April 4, 2008

New acute care unit geared to needs of elderly patients

Featured Image

Marilyn Dubree, M.S.N., R.N., left, Ralf Habermann, M.D., Donna Flowers-Capley, R.N., and others celebrate at Wednesday’s opening of the Acute Care Unit for the Elderly/Vanderbilt Senior and Special Care. (photo by Dana Johnson)

New acute care unit geared to needs of elderly patients

As the ranks of older Americans swell to record numbers, Vanderbilt has launched a new specialized patient care area to treat them.

The Acute Care Unit for the Elderly/Vanderbilt Senior and Special Care will treat high-acuity patients age 65 or older. Its 14 beds on the third floor of Medical Center North's Round Wing are staffed by nurses who've gone through extra training.

“The needs of the severely ill and the frail are very different from 25-year-olds who need to get their appendix taken out,” said Ralf Habermann, M.D., director of the Senior Care Service. “They need specialized treatment.”

Each patient admitted to the ACE Unit is screened by the Geriatric Interdisciplinary Team, which includes doctors, nurses, physical, occupational, speech and respiratory therapists, dietitians, pharmacists and wound care and safety specialists.

“Hospitalized seniors rarely have single problems,” said James Powers, M.D., director of the Senior Care Clinic. “It takes a team approach to address their needs.”

The patient's care plan is then custom-tailored for their diagnoses and age.

“The idea is for each patient to receive specialized, not cookie-cutter, treatment just because they happen to fall in the geriatric or special needs population,” said Donna Flowers-Capley, R.N., B.S.N., and clinical services manager for the unit.

Emphasis will be placed on issues such as preventing falls and pressure wounds, avoiding use of restraints and watching for medication side effects.

Other changes could include stress-reducers such as no blood draws at 3 a.m., or not checking vital signs as often if a patient is stable. Family members may be asked to bring pictures from home to help reorient a confused patient.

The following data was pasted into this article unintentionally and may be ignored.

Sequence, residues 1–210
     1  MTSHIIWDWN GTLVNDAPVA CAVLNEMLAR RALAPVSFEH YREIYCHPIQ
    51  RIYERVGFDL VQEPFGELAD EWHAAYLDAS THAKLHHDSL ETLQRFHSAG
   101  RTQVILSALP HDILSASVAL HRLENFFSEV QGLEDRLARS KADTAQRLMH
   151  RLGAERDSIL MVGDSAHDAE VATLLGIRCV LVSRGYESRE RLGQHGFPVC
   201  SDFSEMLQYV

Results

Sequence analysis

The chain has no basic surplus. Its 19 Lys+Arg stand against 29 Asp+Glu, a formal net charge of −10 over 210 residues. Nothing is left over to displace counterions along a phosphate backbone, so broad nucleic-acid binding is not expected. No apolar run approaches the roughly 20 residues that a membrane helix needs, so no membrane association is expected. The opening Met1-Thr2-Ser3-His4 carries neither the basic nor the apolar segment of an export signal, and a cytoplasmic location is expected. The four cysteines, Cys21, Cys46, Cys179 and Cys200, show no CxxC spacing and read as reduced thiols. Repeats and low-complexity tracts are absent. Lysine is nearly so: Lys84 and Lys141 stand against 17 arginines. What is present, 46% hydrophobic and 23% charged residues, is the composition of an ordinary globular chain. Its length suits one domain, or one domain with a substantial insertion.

Such efforts come naturally to nurses with special geriatric training, Habermann said.

“The nurses have a lot of knowledge of these issues,” he said “We have tried to empower our team members from the beginning. It's inclusive, not as top-down. It's a unit now.”

With a consistent team caring for older patients, problems such as even small changes in mental status will be obvious more quickly, Habermann said.

“There aren't always traditional symptoms,” he said. “They can tell us , 'There's something wrong. You need to look at them a little bit earlier.' Because sometimes in an elderly, somewhat confused person who has an infection, the first sign might not be a fever or cough, it might be just less appetite or a small change in mental status.”

The staff also will get to know a patient's family, a key element of the unit's goal of caring for social issues as well as health concerns.

“The patient is paramount, of course, but as we're treating the patient with a hip fracture, at the same time we are looking at the family and the social environment,” Habermann explained.

The ACE Unit concept is still new, addressed by no national guidelines or standards of operation.

But few doubt the need for it, with the massive Baby Boomer population hitting retirement age.

“The tsunami of geriatric patients is here already,” Powers said.

“A geriatric patient-centered environment of care makes it easier for health professionals to do the right thing for seniors and their families.”

About 20 percent of patients seen at VUMC are age 65 and up, Habermann said, and they make up one-fourth of inpatient stays.

“What we are doing is not rocket science,” he said. “It's common-sense, good care of the elderly.”